"A Name for Evil" is a ghost story. A man and his wife plan to renovate a dilapidated old plantation house, but before long the man senses a hostile influence in the place…. The story is the struggle between … man and ghost for possession of the house.
There are good things in the book. The oppressive atmosphere of the ruined country is appropriate to the events of the story, and the incidents are skillfully disposed to build suspense. But the "horror" is described rather than conveyed, and is not sufficiently associated with the commonplace which would beguile the reader's attention and assist his credulity…. [Therefore] the inexplicable soon becomes the merely inexpressible.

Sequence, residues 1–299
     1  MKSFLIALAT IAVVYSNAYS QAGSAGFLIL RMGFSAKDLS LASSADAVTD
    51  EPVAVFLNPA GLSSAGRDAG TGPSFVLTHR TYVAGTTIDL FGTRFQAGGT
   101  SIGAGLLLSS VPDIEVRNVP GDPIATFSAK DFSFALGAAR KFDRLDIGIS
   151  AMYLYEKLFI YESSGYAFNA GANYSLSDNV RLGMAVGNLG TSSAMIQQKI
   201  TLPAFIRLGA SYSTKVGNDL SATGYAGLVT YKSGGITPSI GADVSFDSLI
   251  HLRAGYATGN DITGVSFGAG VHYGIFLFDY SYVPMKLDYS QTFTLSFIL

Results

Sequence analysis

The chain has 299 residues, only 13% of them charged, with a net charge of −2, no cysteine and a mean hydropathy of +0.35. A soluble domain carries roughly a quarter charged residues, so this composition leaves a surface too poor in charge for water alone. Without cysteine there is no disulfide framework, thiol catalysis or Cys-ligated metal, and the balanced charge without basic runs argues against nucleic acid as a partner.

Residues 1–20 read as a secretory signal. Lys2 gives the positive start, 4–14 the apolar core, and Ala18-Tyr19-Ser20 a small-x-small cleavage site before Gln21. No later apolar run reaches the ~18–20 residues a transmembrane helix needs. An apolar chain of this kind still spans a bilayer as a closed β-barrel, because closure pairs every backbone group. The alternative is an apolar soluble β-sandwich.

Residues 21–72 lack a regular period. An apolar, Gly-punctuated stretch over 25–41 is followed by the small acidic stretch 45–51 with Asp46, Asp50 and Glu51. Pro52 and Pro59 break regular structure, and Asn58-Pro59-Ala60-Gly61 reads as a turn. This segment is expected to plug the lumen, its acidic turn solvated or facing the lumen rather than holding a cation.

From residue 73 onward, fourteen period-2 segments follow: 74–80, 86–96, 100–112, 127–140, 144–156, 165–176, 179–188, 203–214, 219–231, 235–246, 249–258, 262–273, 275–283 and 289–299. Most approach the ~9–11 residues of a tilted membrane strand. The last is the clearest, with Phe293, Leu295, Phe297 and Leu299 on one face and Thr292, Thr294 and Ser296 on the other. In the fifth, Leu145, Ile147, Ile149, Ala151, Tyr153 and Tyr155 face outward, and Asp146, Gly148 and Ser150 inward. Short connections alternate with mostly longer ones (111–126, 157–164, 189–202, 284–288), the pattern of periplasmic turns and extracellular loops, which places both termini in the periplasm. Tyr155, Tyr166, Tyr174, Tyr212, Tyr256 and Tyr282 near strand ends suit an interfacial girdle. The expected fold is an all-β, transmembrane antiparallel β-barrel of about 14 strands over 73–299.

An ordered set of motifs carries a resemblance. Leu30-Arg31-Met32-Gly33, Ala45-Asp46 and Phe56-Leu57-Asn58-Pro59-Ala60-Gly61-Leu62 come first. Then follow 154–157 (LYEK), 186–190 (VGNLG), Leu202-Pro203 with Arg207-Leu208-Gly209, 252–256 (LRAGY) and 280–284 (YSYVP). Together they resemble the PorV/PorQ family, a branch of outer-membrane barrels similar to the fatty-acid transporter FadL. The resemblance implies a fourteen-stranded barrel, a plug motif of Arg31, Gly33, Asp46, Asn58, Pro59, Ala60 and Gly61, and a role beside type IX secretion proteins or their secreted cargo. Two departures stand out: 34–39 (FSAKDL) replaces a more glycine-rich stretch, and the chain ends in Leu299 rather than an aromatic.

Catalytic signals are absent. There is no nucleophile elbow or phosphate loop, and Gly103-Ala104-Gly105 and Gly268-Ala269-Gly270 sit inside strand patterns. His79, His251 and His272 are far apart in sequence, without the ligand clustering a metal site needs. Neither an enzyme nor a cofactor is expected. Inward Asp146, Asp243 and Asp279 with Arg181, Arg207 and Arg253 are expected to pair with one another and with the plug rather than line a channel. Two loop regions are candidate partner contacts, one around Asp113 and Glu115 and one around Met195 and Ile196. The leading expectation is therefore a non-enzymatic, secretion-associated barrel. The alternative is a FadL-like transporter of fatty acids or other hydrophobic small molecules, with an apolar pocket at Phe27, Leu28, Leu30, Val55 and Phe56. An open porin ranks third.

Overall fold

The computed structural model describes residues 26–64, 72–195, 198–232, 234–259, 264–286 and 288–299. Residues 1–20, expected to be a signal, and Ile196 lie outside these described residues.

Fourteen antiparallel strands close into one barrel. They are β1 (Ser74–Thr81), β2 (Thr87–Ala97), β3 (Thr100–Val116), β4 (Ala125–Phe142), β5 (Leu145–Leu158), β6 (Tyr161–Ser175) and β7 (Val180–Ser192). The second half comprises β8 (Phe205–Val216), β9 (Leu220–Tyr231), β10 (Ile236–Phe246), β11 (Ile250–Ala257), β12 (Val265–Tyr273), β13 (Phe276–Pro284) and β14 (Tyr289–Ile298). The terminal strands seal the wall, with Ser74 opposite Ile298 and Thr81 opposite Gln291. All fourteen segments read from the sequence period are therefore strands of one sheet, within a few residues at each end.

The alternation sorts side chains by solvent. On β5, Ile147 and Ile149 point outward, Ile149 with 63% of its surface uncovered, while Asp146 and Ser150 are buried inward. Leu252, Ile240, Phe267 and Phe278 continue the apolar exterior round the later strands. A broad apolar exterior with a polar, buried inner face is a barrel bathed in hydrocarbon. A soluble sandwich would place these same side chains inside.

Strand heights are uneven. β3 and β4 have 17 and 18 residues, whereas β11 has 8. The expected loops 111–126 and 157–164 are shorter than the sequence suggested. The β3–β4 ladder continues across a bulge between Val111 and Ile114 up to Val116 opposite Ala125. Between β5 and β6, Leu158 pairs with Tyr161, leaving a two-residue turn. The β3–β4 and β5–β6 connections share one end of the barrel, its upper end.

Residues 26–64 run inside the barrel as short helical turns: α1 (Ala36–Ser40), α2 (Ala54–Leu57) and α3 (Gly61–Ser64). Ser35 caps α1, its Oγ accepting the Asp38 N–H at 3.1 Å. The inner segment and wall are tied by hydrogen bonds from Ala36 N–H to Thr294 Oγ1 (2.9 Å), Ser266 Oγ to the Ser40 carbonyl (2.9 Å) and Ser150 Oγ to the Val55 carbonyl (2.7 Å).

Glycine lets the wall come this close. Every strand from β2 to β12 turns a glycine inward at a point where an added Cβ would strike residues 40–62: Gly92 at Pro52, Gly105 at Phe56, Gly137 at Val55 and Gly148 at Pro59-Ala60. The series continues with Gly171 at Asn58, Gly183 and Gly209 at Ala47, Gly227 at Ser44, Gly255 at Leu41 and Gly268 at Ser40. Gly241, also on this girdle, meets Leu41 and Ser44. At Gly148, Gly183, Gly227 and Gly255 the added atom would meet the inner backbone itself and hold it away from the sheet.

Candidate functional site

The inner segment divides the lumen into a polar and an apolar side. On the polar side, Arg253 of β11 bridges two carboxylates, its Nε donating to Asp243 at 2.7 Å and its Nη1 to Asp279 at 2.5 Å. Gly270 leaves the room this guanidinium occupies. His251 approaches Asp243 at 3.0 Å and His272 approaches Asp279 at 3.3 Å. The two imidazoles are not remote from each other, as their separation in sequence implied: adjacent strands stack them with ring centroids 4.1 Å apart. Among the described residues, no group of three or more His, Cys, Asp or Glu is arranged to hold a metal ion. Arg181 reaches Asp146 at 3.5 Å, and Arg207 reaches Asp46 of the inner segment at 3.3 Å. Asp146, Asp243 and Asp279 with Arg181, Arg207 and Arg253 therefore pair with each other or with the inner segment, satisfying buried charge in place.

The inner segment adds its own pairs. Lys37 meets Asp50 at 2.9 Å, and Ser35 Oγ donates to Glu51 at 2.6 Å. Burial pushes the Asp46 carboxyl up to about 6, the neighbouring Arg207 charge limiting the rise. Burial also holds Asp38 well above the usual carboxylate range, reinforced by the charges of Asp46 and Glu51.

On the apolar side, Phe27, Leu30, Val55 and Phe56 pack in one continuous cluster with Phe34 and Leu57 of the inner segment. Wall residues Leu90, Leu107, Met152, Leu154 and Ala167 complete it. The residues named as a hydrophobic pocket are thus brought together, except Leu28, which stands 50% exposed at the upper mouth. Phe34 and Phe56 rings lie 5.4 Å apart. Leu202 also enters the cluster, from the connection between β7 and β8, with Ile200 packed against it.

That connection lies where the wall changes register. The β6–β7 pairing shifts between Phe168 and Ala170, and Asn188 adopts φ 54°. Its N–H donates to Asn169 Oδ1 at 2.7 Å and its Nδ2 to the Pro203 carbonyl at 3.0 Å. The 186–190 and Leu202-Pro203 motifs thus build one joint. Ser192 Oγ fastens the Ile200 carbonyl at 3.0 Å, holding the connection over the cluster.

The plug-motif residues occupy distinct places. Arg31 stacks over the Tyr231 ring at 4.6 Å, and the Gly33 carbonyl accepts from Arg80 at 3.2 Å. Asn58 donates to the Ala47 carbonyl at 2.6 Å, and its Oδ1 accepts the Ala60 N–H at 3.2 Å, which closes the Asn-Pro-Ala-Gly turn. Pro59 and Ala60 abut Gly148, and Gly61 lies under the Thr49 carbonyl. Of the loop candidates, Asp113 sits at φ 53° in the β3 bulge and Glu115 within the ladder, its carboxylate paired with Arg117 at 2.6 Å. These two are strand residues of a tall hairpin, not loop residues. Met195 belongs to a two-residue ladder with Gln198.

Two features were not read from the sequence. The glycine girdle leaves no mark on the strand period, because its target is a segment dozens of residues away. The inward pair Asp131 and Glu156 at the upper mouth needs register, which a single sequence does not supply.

But I think the real flaw in the story is caused by Lytle's intentions as a novelist. As I make out, they are more serious and complex than are appropriate for this sort of tale. A ghost story must always be something of a tour de force, a contrived machinery for definite and limited effects. Moral evil, if it appears, is part of the machinery, making perhaps for added intensity. But Lytle brings to it the critical attitude of a "serious novelist," and means, apparently, to say more about Life and Death and Ruin than he has given himself occasion for. In the absence of any human motives and action, his implications sound too much like pronouncements in a void.
John Farrelly, "Ghost Story," in The New Republic, Vol. 117, No. 8, August 25, 1947, p. 31.